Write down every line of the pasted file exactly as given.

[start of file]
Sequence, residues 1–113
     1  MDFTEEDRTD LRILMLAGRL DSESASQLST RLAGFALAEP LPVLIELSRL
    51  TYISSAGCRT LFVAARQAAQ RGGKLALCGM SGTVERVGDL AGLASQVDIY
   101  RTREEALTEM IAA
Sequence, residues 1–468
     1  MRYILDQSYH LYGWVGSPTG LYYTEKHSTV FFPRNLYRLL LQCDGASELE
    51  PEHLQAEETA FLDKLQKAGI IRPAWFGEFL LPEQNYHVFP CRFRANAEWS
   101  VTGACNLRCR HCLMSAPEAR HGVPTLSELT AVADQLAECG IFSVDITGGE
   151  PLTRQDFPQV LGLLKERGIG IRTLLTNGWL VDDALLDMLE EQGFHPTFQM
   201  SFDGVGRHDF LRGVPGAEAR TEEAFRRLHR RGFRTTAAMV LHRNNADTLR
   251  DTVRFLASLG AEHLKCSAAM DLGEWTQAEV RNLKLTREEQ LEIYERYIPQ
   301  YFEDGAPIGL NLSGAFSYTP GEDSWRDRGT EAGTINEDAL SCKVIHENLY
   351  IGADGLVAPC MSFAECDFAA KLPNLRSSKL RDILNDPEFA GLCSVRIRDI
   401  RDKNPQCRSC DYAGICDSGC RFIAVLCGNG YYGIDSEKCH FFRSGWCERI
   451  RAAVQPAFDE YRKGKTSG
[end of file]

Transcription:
Sequence, residues 1–113
     1  MDFTEEDRTD LRILMLAGRL DSESASQLST RLAGFALAEP LPVLIELSRL
    51  TYISSAGCRT LFVAARQAAQ RGGKLALCGM SGTVERVGDL AGLASQVDIY
   101  RTREEALTEM IAA
Sequence, residues 1–468
     1  MRYILDQSYH LYGWVGSPTG LYYTEKHSTV FFPRNLYRLL LQCDGASELE
    51  PEHLQAEETA FLDKLQKAGI IRPAWFGEFL LPEQNYHVFP CRFRANAEWS
   101  VTGACNLRCR HCLMSAPEAR HGVPTLSELT AVADQLAECG IFSVDITGGE
   151  PLTRQDFPQV LGLLKERGIG IRTLLTNGWL VDDALLDMLE EQGFHPTFQM
   201  SFDGVGRHDF LRGVPGAEAR TEEAFRRLHR RGFRTTAAMV LHRNNADTLR
   251  DTVRFLASLG AEHLKCSAAM DLGEWTQAEV RNLKLTREEQ LEIYERYIPQ
   301  YFEDGAPIGL NLSGAFSYTP GEDSWRDRGT EAGTINEDAL SCKVIHENLY
   351  IGADGLVAPC MSFAECDFAA KLPNLRSSKL RDILNDPEFA GLCSVRIRDI
   401  RDKNPQCRSC DYAGICDSGC RFIAVLCGNG YYGIDSEKCH FFRSGWCERI
   451  RAAVQPAFDE YRKGKTSG